Geoff then moved to Newcastle to take up a research fellowship looking at national parks and wilderness areas, then in 1966, he moved back to Canberra to give at the ANU what was probably the first year-long course in Australia in the conservation of natural resources.
“Again I was in a good position to influence events around Kosciuszko and the new NSW national parks and wildlife legislation.” Geoff had also begun his connection with the Australian Conservation Foundation, formed in 1965, becoming assistant director in 1968, moving with the Foundation to Melbourne in 1969, and in 1973 becoming its director.
In Victoria, Geoff was able to gain an-other Alps perspective, one that confirmed the value of the notion of a cross border national park. To demonstrate the unity of the alpine parks Geoff set out to walk from Canberra to Walhalla, along what is now known as the Australian Alps Walking Track, falling just short of his target partly because of his choice of boots.
But the point was being made. Geoff also remembers being blessed with clear weather that momentous day in 1984 when on the last day of a visit by MPs which he had organised they were invited up to take a look at the grazing exclusion plots at Daners Gap.
“The Alps stretched out in all directions, across state borders, and having taken a look at the plots, the two Environment Ministers present – Rod Mckenzie (Vic) and Terry Sheahan (NSW) – undertook to work for a formal agreement for the cooperative management of the Alps.”
After leaving the ACF, in 1988 and 1992 (with Alec Costin) Geoff wrote two publications on the world heritage values – of the Alps and the adjoining forests both stressing the need to protect “the contiguous corridor of Eucalyptus dominated vegetation which stretches from the sea to the snow – one of the best altitudinal transects displayed in the world.”
Gaining World Heritage listing for the Alps and forests was now the aim – and still is – and as Geoff puts it “It’s a long journey. We’re still on it. We haven’t reached the end yet.”
“I stayed on after I graduated in 1958, employed by the CSIRO as an experimental officer working for Alec who was an inspiring guiding hand.”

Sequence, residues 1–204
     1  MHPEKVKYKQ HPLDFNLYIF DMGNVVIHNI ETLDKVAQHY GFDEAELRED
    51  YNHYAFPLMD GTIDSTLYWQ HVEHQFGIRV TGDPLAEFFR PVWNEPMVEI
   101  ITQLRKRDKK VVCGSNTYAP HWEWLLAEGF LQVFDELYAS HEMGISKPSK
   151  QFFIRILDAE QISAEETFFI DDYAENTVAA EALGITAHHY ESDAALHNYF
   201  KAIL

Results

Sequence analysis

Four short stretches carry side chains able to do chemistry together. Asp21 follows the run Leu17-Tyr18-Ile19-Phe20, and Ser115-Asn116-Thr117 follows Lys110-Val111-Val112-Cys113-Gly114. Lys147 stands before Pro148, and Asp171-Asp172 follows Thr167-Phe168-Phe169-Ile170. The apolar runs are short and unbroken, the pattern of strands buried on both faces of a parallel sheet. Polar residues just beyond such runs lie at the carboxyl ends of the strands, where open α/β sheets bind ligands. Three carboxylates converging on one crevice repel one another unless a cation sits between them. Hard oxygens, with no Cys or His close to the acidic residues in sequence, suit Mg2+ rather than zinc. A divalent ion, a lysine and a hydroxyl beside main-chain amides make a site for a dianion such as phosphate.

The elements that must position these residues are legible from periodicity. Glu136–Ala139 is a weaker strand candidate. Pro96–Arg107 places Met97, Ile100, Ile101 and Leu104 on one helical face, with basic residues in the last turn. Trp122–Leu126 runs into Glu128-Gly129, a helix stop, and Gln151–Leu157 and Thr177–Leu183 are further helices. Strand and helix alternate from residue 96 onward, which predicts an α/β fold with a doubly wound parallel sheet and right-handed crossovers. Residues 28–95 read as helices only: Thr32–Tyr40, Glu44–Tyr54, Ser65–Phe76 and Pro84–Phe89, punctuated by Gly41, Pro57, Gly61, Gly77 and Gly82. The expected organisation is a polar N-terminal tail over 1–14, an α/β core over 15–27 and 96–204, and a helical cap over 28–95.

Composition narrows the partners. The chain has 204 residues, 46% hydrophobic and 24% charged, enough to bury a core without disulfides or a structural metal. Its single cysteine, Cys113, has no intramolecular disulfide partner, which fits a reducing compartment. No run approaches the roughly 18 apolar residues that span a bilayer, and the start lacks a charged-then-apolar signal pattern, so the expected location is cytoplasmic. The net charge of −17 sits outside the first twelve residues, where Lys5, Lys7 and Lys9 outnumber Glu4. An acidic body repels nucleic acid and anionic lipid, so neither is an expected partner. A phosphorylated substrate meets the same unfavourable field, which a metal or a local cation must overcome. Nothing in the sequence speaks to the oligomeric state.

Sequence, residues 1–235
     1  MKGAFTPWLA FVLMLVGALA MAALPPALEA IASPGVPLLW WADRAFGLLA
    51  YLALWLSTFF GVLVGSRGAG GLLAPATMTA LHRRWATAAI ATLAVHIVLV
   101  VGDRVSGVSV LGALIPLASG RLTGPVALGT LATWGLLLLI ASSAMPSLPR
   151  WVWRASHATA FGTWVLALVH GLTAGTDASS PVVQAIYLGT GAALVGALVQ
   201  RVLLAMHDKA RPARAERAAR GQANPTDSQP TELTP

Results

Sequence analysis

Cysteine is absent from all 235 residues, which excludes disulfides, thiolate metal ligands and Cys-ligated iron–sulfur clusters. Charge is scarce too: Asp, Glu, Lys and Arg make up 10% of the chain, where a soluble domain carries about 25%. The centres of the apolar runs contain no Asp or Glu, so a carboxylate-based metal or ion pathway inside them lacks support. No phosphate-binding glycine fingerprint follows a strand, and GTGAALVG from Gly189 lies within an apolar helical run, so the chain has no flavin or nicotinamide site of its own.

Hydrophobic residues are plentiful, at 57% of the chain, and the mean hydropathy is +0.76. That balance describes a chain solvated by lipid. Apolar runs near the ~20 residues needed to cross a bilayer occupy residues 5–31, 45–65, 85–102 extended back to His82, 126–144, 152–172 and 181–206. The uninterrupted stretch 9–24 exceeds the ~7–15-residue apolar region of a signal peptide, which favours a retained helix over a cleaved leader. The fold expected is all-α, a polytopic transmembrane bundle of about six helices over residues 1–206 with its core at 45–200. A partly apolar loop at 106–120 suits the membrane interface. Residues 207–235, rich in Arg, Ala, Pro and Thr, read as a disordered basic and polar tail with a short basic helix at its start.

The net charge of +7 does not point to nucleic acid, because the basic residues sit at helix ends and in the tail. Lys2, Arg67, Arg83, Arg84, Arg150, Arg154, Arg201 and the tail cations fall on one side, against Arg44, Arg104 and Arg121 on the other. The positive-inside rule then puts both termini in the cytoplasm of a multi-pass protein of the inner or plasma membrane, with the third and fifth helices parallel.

Living and working out of the old Snowy works township of Island Bend, Dane was left in charge when Alec was posted back to Can-berra. In 1960 Dane moved to Waste Point in Kosciuszko National Park were he ran a one man field station (“I did have assistance at times”) out of a stone building converted into an office, herbarium, laboratory and living quarters. “We brought up our children there – it was in a lovely situation.”
During this time Dane carried out ex-perimental work in the field, amongst other things, on the hydrology of the alpine vegetation systems and on grazing and burning. “After livestock were withdrawn in 1958 it was my job to monitor recovery over the next 20 years and the permanent quadrats and transects we established are still there and being measured after close to 45years.”
Dane was then called to Canberra as Jim Peacock, then Chief of Plant Industry, was keen to get in people with field experience. “I retired in 1986 and we moved to Bermagui.”
Though Dane was retired, his involvement continued. “I was on the Snowy Water Enquiry; I worked for the Murray Darling Basin Commission, making use of satellite images to outline vegetation communities and identify them on the ground; surveyed rare and endangered species along The Alpine Way; and most recently transferred all my permanent quadrat data from 1959 onwards to digital format for future use.” As for the significance of the MOU, “I feel its main impact was the emphasis it placed on conservation. Ultimately it helped get stock off the Alps.”